New Wave of Obamacare Price Hikes Arrives
Regina Weinhardt handles benefits for her family’s plumbing business in Delaware County. In business since 1962, providing health care to their employees has always been a priority, “My father started his business and prided himself on offering health care. Now I feel like we are being punished for doing the right thing.
While Obamacare advocates breathe a sigh of relief because Saturday’s relaunch of Healthcare.gov went relatively smoothly, the law is still harming rather than helping Americans. And the website is still far from perfect—many seeking to re-enroll ran into issues as documented by the New York Times. But apart from the health care exchange, many individuals and employers like Weinhardt are facing Obamacare’s labyrinth of regulations and price hikes for the first time.
This is the first year Weinhardt’s small business had to deal with ACA regulations since they renewed their current plan in December of 2013, a month before new regulations kicked in. If Weinhardt had stayed with their old insurance carrier they would have been hit with an 80 percent increase.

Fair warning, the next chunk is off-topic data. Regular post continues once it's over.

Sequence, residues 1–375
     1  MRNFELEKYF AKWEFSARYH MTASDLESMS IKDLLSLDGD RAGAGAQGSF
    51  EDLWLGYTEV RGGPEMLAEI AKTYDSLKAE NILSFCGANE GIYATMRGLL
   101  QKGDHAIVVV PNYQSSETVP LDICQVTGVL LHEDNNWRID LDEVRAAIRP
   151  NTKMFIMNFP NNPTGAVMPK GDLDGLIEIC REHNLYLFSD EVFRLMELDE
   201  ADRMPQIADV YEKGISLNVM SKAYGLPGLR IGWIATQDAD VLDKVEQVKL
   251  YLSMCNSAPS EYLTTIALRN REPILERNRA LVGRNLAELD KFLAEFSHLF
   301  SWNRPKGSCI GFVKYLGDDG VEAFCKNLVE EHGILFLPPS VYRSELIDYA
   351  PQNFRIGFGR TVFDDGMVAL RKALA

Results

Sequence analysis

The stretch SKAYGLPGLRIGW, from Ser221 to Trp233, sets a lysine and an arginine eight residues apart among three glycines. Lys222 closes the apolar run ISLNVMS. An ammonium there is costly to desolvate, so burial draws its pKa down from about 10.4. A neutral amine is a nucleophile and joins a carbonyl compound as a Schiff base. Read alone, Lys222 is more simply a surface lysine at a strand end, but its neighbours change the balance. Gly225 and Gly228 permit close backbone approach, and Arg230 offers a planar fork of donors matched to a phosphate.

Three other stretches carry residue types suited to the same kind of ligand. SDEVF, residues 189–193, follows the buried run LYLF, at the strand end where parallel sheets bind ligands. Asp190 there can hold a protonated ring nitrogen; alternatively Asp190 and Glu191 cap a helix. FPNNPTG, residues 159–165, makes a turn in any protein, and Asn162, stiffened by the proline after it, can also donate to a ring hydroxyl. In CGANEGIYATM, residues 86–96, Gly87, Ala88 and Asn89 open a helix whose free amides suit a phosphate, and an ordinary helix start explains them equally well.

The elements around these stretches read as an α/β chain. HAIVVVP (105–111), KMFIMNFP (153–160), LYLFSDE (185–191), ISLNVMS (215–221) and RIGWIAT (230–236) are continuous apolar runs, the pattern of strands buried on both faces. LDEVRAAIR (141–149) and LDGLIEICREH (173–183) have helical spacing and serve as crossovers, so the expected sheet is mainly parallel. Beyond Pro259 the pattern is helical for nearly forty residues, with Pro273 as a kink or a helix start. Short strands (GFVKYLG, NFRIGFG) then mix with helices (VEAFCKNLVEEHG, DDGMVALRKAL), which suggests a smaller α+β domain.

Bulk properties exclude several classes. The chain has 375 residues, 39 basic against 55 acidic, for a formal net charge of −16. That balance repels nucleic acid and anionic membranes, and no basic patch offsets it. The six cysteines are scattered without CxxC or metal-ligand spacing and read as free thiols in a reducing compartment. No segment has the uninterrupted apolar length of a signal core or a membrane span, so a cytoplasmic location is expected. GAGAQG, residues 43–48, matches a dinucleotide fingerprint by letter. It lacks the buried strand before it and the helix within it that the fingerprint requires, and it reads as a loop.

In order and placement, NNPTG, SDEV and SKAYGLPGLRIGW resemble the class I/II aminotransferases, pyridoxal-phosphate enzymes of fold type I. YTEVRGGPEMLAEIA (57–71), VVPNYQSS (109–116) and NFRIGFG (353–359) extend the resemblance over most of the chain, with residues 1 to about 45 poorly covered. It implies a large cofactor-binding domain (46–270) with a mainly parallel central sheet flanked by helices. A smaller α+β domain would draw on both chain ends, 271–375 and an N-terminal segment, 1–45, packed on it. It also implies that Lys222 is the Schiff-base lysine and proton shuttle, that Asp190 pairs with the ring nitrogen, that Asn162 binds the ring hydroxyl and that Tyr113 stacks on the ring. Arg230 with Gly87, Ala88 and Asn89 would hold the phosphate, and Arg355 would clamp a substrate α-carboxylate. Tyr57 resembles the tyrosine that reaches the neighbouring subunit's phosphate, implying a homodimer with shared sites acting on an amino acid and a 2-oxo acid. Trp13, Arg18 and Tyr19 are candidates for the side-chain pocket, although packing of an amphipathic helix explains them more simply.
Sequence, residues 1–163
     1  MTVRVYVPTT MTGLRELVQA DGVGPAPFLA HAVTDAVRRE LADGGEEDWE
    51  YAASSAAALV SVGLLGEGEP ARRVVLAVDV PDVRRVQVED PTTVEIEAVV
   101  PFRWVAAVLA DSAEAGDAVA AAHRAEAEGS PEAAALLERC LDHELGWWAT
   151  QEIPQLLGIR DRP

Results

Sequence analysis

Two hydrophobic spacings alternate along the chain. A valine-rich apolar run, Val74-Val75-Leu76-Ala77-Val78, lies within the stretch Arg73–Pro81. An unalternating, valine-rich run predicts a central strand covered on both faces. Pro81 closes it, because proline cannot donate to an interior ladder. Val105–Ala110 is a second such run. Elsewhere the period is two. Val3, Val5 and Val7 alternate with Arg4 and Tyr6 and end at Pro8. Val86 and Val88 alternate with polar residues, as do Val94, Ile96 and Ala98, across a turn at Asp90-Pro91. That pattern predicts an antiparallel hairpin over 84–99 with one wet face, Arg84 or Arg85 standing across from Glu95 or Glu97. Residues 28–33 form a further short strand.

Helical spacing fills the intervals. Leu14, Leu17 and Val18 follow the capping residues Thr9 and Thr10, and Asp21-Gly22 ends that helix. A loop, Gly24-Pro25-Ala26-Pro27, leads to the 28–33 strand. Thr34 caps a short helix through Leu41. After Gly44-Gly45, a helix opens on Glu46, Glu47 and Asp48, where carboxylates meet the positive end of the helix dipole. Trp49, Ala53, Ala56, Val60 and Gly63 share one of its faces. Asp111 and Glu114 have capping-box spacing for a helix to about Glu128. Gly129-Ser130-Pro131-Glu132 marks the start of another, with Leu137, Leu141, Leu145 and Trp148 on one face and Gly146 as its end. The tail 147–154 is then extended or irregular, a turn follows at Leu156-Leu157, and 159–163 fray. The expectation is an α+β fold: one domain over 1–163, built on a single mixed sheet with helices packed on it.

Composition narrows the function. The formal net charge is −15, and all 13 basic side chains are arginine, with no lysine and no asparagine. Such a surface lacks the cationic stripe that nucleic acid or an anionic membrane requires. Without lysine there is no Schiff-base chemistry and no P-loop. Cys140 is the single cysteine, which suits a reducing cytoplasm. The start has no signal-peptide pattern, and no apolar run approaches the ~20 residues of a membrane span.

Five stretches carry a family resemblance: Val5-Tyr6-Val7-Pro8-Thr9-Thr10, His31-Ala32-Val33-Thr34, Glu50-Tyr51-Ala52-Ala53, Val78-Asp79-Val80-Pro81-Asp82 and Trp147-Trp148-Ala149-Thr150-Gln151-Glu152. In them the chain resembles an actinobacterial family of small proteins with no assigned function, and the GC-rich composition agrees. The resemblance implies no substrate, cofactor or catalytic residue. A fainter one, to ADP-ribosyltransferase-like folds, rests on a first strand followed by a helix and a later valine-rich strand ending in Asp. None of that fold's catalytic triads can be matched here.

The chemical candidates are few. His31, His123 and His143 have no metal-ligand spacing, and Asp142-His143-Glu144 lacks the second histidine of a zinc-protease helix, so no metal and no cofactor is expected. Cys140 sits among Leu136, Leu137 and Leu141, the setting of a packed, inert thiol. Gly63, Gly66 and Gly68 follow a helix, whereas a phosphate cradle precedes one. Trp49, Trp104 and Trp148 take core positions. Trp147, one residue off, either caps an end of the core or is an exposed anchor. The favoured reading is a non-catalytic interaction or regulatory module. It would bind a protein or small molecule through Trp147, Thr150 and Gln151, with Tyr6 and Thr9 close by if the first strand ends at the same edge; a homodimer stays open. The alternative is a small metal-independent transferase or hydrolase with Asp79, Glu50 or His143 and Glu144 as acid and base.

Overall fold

Instead, she worked with an insurance broker to find an Independent Blue Cross plan with a slightly less dramatic 23 percent increase.
Weinhardt’s company pays the entire premiums for their basic plan, so any increase in the premium is completely shouldered by the business.
But her employees are still dealing with higher costs through soaring deductibles. This year their basic plan’s deductible more than doubled from $1,500 to $5,000 for an individual and rocketed from $3,000 to $10,000 for a family.
When she broke the news to her employees they were “worked up,” she said. “Some of my guys can no longer afford to buy up to more generous plans. Everything went up, premiums, co-pays, deductibles. This law is topsy-turvy, it’s upside down.”
Asked what the business has to sacrifice for rising health care costs, Weinhardt explains that she’d like to give her employees higher rates, pay her suppliers on time and contribute more to a 401K plan she started last year. “There are so many things we could do, but I would never stop offering health care, ever.”
Weinhardt wants to see real health reform where people pay for the care they use. “Most of my guys are young and single, they don’t need maternity care or pediatric dental care—they’ll never use it.”
Getting rid of mandates like pediatric dental or maternity care for all is one way to drive down costs for businesses and individuals on the exchange. Learn more about real health care reform solutions and hear more stories like Weinhardt’s here.